Tuesday 20 November 2018

The Sparrow

The topic of this week's writers' group was, Are social programs necessary and if so, who should pay for them?  I took a few liberties, attempting to put the writing back in Writers' Group.

“Caw.. Caw.. Caw..”

The little sparrow could hear the crows’ cries.  They were coming from..  East.  They were coming from the direction of where the sun rose each day.  He sat for a moment, allowing the weak sunlight to warm his feathers as much as it could, and then took flight.

“Caw..  Caw..  Caw..”

Where were they?  Where..  Where..  There!  There, just below where he flew was a murder of crows hungrily gobbling up food strewn on the frozen ground.  The little bird flew down, gently landing on a large tree branch several feet above where the crows were feasting.

“Caw..  Caw..  Caw..”

A seventh crow swooped down from above to join his family.

Then, as suddenly as the sparrow imagined they had appeared, one by one, the crows took flight, their appetites satisfied for the moment.

The little sparrow looked about.  Other birds had joined him.  Blue jays, chickadees…  Even a cardinal!  Everyone looking for a handout.  He hesitated.  He had had run-ins with blue jays before..  But he needed to eat.

Moments later, the sparrow was on the ground, pecking at the food.  Periodically, blue jays would swoop in, grab a morsel or two, and then fly to the highest tree branches to eat.  The chickadees sought out the smallest edible bits - little seeds and things - while he snatched a good chunk of what must have been…  Cat food?  Eww…  Actually, it tasted pretty good.  And not just because he was starving, either.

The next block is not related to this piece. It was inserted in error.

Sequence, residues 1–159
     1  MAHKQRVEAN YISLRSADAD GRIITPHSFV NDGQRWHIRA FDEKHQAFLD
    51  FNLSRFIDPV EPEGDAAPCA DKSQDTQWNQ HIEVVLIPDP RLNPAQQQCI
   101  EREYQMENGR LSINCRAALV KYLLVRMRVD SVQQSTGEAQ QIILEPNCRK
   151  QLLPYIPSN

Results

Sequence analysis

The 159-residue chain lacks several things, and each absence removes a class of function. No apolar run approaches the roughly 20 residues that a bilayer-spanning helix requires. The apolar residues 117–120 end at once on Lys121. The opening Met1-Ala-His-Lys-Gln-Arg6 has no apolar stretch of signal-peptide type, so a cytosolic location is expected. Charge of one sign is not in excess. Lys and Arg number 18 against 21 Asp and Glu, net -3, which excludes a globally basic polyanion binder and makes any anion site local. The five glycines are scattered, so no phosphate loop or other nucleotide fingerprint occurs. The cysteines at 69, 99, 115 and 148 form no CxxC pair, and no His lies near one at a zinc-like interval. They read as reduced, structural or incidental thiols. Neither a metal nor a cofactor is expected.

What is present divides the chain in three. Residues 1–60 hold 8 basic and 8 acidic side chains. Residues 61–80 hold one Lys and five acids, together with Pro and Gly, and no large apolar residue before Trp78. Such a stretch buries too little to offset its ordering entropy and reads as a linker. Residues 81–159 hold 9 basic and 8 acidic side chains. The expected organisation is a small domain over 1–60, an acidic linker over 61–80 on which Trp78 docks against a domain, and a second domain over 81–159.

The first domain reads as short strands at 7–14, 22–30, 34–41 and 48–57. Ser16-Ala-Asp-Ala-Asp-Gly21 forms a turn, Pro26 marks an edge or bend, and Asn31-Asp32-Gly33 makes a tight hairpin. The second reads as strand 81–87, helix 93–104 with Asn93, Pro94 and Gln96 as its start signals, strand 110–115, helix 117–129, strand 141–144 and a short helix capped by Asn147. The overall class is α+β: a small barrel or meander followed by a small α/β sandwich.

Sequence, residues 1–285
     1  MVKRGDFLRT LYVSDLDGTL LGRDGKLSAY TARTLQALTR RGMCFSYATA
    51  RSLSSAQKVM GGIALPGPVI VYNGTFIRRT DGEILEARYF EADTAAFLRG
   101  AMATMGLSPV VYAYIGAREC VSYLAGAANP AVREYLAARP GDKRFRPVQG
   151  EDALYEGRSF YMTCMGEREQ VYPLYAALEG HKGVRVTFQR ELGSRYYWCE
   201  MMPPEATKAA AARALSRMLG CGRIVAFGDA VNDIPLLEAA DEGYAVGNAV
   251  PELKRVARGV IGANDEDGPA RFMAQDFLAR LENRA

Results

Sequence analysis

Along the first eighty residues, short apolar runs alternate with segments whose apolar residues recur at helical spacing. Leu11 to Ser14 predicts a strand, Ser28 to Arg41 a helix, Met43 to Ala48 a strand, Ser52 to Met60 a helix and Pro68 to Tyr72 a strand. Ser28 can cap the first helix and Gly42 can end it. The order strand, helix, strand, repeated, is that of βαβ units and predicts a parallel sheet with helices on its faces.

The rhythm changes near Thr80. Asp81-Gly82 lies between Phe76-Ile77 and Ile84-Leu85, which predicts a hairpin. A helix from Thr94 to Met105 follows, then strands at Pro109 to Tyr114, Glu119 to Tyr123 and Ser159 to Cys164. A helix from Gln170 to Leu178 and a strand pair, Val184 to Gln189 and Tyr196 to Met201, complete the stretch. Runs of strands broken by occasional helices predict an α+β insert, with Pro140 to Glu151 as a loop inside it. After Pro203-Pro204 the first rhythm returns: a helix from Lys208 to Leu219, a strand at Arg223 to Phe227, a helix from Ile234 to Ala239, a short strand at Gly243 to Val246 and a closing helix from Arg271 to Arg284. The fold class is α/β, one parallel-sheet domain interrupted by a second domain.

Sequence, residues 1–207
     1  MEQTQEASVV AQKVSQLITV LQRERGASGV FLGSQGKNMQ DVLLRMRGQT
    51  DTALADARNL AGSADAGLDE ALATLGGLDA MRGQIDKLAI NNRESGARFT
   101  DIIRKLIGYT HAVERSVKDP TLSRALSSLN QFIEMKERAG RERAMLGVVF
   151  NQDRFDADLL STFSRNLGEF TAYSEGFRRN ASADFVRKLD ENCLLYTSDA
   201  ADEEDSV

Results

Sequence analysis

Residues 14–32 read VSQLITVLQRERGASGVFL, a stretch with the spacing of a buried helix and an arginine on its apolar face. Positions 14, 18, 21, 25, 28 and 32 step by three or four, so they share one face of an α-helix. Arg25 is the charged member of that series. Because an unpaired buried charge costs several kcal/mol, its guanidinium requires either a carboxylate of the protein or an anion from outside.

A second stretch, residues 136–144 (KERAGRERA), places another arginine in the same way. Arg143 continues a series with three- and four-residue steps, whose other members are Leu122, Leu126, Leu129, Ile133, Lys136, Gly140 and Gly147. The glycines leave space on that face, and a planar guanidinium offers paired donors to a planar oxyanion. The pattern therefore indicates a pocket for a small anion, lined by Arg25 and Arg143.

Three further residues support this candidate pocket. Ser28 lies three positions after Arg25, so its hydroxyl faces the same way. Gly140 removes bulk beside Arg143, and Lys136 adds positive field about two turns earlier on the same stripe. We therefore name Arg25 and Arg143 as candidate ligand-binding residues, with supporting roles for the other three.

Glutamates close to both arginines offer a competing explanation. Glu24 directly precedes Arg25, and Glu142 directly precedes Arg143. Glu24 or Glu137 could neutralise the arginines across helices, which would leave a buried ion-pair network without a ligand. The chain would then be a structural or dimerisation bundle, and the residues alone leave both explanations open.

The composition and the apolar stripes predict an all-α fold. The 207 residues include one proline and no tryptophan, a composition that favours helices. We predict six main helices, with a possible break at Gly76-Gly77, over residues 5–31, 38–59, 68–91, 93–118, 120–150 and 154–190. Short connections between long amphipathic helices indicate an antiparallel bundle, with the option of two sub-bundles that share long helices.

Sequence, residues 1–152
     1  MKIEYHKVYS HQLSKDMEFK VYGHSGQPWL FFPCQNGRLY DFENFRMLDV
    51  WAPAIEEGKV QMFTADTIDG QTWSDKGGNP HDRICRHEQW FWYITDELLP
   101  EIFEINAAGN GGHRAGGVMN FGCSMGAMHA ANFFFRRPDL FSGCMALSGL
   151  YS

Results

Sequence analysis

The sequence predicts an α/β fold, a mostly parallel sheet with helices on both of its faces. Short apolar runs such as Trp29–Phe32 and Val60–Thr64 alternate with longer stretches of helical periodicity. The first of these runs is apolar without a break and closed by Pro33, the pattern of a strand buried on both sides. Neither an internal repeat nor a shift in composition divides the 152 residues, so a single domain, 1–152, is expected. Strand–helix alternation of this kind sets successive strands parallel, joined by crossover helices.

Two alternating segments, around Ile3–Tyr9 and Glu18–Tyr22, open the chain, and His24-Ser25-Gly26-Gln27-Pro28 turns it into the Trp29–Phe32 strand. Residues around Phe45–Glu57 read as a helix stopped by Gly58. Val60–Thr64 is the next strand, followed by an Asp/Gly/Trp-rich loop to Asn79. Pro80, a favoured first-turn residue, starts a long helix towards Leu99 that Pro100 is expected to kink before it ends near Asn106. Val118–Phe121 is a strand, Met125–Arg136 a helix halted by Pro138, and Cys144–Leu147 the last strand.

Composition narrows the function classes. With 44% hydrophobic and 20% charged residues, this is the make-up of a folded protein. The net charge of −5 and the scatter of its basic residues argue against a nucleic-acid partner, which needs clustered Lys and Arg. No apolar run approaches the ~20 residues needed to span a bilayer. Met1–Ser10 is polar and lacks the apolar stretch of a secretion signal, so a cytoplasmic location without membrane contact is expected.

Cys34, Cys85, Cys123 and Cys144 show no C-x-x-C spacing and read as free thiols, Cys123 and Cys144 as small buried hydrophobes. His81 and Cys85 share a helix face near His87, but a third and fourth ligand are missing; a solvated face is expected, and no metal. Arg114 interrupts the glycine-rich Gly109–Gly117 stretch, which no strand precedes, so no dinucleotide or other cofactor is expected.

And so it continued, day after day after day, all winter long.  Each morning, the crows announced the arrival of the food, with the others joining in when they were done.

That winter was long and cold.  The coldest winter on record.  But the buffet table - which is what the little sparrow had heard one of the other birds call it one morning - kept him alive.  It kept all of them alive, for during that long, hard winter, there was no other food to be found.

Then one morning in mid spring, sitting on the same tree branch where he had sat every morning before, the little sparrow looked about.  The crows were eating quite leisurely, no longer driven by the pains of empty stomachs.  There were no blue jays waiting in line, although he could hear them squawking off in the distance, obviously finding food on their own.  And he hadn’t seen the cardinal in ages.

Flying down to the ground, the sparrow speared a bit of cat food and swallowed it down.  Next to where it had been, he noticed movement.  A bug!  Mmm…  Delicious.

Taking flight, he looked down at the buffet table he had come to rely upon during the winter, knowing he would need it no more.  At least not for a long time.  But it had been there when he had needed it the most.  When ALL the birds had needed it.  A godsend, it had been, for without that assistance, they would have surely all died.

But now with the arrival of spring, and the prospect of a warm, sun-filled summer ahead, the little sparrow realised he and the other birds would be able to find food, all by themselves.  There would be plenty of bugs and things in the garden owned by the people who had provided them with nourishment that winter.  Bugs those very same people would appreciate his eating.  He and the other birds would now be able to earn their keep, but ONLY because of the help given to them in their darkest time of need.